Sixteen years after Santa Barbara’s St. Anthony seminary was first exposed as a cluster bomb of sexual abuse, the legal warfare over who did what to whom, and what should be done about it, shows little sign of abating. Two new civil complaints were recently filed by former seminary students against the Franciscan order, claiming-sometimes in excruciating detail-that they’d been sexually assaulted by former friar Dave Johnson.
Both plaintiffs, Craig Clover and Ernesto C., first attended St. Anthony’s in 1979. Both came from abusive families; both claim the sexual predations they suffered led to a life of substance abuse and emotional instability. And both contend that they’d repressed memories of their respective assaults until recently.
Whether their claims fall within California’s statute of limitations depends on how wide the California Supreme Court determines that legal window should be kept open. The plaintiffs’ attorney, Tim Hale, contends that the Franciscans constitute an ongoing and abiding public nuisance-for which no statute of limitations exists-because they shuttled problem priests from one community to the next without warning unsuspecting parishioners. On the contrary, Hale charged, the Franciscans engaged in a wide array of practices designed to conceal and cover up the transgressions of pedophile priests.
In the recent filings, Hale gave prominent placement to a 1950 letter from the San Diego Bishop to church authorities in Rome complaining, in the bitterest possible terms, of priests from Santa Barbara. “During the 13 years since this Diocese was erected, to my own personal knowledge, the Saint Barbara Province of the Franciscan Fathers has used this Diocese as a dumping ground for their moral, mental and physical problems,” he wrote. “It became necessary for me some time ago to demand the withdrawal of one misfit after another.” Without San Diego as a safety valve, Hale contended, Santa Barbara was forced to keep its problem priests. As a result, children in Santa Barbara were placed at uncommon risk. “I guarantee you that per capita, Santa Barbara had more of this than any other community,” Hale said.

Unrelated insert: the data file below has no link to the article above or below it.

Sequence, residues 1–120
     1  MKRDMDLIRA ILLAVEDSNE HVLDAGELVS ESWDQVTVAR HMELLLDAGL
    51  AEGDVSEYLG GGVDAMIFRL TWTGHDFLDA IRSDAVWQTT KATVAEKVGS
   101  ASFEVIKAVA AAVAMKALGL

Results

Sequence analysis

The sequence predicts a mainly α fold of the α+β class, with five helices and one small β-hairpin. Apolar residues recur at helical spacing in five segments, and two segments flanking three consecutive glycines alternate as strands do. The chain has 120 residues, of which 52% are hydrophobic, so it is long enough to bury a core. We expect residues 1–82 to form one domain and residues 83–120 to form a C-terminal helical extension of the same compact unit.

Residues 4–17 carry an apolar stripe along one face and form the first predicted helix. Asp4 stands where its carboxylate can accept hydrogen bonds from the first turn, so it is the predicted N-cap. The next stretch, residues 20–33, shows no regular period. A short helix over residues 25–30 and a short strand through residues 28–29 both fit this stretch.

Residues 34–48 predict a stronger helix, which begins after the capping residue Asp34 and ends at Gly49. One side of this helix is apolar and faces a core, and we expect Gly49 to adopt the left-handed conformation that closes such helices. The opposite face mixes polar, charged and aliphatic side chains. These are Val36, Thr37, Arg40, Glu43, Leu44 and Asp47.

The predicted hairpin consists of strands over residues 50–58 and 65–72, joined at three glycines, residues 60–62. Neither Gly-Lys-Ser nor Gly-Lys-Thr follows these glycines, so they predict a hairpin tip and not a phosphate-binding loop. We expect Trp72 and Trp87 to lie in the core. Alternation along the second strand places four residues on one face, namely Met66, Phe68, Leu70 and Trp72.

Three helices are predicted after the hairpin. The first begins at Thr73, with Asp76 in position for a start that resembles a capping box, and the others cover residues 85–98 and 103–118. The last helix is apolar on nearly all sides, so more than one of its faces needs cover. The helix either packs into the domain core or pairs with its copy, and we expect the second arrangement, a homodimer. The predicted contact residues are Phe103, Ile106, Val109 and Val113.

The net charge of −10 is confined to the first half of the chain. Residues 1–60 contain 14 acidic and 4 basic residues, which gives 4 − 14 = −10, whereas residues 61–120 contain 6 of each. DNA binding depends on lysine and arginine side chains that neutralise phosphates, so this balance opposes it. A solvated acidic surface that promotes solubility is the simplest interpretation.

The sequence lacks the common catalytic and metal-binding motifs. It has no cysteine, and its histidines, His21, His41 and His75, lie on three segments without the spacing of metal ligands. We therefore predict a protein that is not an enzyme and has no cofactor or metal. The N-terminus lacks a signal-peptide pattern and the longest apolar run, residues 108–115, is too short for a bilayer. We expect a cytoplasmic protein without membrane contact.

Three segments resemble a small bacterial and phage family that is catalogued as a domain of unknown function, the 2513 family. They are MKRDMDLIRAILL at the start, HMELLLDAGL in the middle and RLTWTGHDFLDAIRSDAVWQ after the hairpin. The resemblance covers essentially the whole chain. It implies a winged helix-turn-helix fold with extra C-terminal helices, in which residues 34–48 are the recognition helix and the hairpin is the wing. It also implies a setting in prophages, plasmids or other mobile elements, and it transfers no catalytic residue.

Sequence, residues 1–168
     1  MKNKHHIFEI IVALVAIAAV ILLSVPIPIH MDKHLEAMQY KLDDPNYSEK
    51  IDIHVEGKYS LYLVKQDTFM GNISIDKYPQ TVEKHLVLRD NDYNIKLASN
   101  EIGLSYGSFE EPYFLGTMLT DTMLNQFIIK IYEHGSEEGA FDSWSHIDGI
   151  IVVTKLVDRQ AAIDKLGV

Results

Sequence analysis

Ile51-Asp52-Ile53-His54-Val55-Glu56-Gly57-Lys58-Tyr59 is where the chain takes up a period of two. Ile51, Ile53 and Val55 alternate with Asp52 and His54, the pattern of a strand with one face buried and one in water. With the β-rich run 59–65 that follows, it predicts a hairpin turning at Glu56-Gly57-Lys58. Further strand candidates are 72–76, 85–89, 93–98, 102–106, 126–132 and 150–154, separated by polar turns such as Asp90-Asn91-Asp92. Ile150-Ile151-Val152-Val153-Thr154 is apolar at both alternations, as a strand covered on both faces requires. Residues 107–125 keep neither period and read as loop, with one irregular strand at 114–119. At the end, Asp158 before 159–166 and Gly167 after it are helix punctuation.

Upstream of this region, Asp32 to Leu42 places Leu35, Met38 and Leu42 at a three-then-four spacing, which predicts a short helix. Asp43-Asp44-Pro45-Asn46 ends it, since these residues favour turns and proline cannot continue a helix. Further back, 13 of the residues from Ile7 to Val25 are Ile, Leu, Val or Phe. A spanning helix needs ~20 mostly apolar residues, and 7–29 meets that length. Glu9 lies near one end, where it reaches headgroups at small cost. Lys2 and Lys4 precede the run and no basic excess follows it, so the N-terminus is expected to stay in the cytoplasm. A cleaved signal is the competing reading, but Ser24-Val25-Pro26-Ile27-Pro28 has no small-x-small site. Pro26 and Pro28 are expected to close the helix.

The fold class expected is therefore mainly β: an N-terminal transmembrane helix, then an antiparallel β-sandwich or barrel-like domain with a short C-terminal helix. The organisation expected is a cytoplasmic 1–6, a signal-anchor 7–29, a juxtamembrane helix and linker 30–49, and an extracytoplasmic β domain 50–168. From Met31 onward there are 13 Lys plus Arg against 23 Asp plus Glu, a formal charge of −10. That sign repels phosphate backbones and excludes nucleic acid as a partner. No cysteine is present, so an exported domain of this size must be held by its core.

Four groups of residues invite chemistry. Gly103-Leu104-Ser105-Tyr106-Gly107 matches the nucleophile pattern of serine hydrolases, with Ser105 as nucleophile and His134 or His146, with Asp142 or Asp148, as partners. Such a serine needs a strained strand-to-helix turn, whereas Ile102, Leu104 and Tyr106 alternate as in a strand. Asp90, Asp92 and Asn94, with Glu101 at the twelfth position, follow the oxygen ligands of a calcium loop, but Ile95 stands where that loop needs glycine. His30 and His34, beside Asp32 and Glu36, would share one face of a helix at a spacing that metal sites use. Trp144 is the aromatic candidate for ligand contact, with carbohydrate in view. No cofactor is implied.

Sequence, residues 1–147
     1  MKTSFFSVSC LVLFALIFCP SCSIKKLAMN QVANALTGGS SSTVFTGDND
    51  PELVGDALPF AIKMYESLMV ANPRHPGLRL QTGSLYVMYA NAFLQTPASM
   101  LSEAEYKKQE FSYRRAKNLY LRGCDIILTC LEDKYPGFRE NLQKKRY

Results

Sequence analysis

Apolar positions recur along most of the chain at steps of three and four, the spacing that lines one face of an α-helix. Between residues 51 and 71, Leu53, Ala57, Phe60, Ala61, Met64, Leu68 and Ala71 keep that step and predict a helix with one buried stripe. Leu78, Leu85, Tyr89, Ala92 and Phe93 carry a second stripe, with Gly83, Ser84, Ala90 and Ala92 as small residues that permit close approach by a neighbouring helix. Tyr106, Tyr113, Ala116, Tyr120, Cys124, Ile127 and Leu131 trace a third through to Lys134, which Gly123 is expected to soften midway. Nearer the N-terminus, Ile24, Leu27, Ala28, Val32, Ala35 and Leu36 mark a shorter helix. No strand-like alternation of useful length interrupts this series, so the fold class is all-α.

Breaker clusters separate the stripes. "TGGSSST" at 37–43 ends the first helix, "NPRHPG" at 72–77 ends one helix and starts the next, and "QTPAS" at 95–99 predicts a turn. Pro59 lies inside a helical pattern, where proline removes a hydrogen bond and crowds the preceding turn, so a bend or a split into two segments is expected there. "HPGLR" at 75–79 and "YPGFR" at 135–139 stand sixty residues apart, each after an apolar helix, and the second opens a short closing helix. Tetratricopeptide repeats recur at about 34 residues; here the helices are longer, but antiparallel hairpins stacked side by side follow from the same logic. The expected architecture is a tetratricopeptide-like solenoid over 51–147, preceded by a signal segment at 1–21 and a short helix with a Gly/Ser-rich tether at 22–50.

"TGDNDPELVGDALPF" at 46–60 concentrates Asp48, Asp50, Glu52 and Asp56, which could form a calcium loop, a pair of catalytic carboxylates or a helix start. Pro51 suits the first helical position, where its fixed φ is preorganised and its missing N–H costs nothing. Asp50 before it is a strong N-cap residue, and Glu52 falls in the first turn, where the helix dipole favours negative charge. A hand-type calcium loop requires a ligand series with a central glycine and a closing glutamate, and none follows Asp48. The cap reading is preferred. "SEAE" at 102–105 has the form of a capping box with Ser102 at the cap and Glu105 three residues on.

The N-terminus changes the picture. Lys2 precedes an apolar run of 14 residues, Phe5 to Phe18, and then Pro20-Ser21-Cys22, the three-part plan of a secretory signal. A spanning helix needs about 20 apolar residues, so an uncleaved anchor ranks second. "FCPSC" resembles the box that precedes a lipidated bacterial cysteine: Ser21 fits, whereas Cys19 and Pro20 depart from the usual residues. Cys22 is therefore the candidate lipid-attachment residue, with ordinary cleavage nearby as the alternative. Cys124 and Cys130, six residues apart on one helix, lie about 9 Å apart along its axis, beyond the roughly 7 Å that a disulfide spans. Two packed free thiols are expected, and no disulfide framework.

Brian Brosnahan, the attorney representing the Franciscans, noted that nothing in the letter Hale cited mentions priestly pederasty. Instead, the complaints focus on incompetent Franciscans who failed to build desperately needed new schools on church-owned property. Brosnahan said the letter indicated the bishop wanted the Franciscans out of San Diego so that he could reward priests working in desert parishes with more choice assignments there.